Oh sure, it would be great to see real-life dinosaurs, to watch the very first performance of “Hamlet” or hear Lincoln deliver the Gettysburg Address. But if a time machine could take me back just once, I’d go to Jerusalem at the time of Jesus to see him — and maybe to know.
Until somebody builds a way-back machine, I will content myself with Pier Paolo Pasolini’s mesmerizingly realistic “The Gospel According to St. Matthew” (1966). A faithful account of Jesus’ life — from the Annunciation to the Resurrection — the Italian writer/director shot the film in black and white as an almost cinema-verite documentary that could have been titled “Jesus: You Are There.”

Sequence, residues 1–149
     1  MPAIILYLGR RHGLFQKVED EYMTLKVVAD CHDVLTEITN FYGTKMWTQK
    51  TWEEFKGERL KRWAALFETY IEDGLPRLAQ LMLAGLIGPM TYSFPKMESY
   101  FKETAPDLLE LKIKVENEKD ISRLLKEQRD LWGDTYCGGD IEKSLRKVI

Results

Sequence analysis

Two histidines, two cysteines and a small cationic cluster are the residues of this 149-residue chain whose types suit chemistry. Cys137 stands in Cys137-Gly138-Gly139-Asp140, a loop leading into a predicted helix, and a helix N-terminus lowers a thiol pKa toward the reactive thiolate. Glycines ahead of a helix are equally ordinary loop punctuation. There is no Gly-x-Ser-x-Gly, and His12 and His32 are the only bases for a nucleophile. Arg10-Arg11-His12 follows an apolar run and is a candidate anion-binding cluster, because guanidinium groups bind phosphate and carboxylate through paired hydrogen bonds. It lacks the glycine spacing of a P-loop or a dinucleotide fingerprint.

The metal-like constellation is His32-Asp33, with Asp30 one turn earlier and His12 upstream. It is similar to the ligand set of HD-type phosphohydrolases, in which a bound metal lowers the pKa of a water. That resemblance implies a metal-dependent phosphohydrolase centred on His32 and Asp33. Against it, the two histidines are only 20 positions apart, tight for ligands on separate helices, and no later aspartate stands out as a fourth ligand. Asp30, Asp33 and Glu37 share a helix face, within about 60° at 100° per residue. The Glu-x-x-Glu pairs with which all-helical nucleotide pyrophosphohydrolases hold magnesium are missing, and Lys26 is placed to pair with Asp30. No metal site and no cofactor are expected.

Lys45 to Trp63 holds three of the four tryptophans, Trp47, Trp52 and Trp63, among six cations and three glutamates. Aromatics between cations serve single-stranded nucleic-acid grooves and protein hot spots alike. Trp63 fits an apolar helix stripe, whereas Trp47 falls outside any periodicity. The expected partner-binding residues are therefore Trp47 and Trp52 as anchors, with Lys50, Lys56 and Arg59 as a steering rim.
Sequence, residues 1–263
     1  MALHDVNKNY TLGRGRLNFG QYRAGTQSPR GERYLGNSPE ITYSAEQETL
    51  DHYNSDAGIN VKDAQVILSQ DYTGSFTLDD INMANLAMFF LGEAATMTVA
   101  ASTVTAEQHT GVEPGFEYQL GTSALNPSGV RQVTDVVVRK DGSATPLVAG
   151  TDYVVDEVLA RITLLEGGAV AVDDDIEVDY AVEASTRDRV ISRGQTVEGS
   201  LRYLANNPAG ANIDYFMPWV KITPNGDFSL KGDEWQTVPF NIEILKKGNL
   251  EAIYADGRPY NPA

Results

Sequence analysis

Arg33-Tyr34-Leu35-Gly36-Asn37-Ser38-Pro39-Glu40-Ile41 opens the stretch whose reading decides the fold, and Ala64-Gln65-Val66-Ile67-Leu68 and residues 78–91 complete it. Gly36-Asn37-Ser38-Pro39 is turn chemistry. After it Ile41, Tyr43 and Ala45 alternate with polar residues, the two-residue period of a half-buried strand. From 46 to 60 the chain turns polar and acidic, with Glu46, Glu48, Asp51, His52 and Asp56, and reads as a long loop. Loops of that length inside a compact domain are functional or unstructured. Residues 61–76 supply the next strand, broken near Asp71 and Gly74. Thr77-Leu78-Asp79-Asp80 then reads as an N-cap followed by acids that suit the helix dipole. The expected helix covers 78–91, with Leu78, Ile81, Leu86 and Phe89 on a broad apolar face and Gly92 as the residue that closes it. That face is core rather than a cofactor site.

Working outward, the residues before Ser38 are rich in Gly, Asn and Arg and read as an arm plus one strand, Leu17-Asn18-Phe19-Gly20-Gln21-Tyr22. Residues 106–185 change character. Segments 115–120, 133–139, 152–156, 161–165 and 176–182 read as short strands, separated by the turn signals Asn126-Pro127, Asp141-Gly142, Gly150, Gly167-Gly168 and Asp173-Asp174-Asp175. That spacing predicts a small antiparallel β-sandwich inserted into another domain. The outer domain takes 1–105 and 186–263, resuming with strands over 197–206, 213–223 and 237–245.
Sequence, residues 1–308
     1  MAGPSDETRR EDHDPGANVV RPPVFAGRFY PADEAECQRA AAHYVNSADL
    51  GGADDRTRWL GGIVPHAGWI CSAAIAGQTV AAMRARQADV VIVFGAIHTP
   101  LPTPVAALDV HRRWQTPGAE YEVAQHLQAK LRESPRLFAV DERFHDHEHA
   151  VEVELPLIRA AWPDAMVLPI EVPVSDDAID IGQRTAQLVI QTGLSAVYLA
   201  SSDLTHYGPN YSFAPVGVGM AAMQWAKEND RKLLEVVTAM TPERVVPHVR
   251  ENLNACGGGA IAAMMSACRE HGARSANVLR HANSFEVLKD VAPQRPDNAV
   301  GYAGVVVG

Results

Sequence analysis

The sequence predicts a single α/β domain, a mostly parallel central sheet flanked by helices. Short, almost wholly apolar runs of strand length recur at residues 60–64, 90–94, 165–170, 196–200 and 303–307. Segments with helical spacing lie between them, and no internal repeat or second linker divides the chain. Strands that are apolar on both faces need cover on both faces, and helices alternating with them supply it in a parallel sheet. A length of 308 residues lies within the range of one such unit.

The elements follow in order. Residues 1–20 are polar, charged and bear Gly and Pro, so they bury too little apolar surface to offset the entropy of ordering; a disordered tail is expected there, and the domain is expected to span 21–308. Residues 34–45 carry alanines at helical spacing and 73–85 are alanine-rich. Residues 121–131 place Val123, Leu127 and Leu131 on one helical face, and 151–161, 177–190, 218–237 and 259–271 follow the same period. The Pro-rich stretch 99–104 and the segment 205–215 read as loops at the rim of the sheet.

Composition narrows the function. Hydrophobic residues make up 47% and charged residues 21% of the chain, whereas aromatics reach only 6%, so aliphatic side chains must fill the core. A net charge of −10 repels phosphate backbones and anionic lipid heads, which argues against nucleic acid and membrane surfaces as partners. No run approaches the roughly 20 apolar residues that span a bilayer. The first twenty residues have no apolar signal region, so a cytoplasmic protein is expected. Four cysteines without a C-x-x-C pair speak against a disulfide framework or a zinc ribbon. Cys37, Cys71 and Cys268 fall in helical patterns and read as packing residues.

The camera is in constant motion, following Jesus (Enrique Irazoqui) as he recruits his band of disciples, performs miracles and preaches to increasingly large crowds. The brilliantly conceived lack of formal staging convinces viewers that they are watching raw footage of Jesus healing the sick, delivering the Sermon on the Mount and carrying the cross.
Pasolini was a Marxist, and he depicts Jesus as a revolutionary who was crucified because he was stirring the peasantry — the director uses an almost entirely amateur cast, including his mother as the aged Virgin Mary, and the camera often rests on the craggy faces of Jesus’ meek followers. Pasolini’s Jesus can be loving, but he is usually angry and aloof. He spits out warnings of damnation and furiously topples the moneychangers’ tables. Irazoqui becomes Jesus, allowing us to feel his divine power.
Watch it: http://www.youtube.com/watch?v=h7ewh5k5-gY&playnext=1&list=PL0DE310E6AF86D045&feature=results_main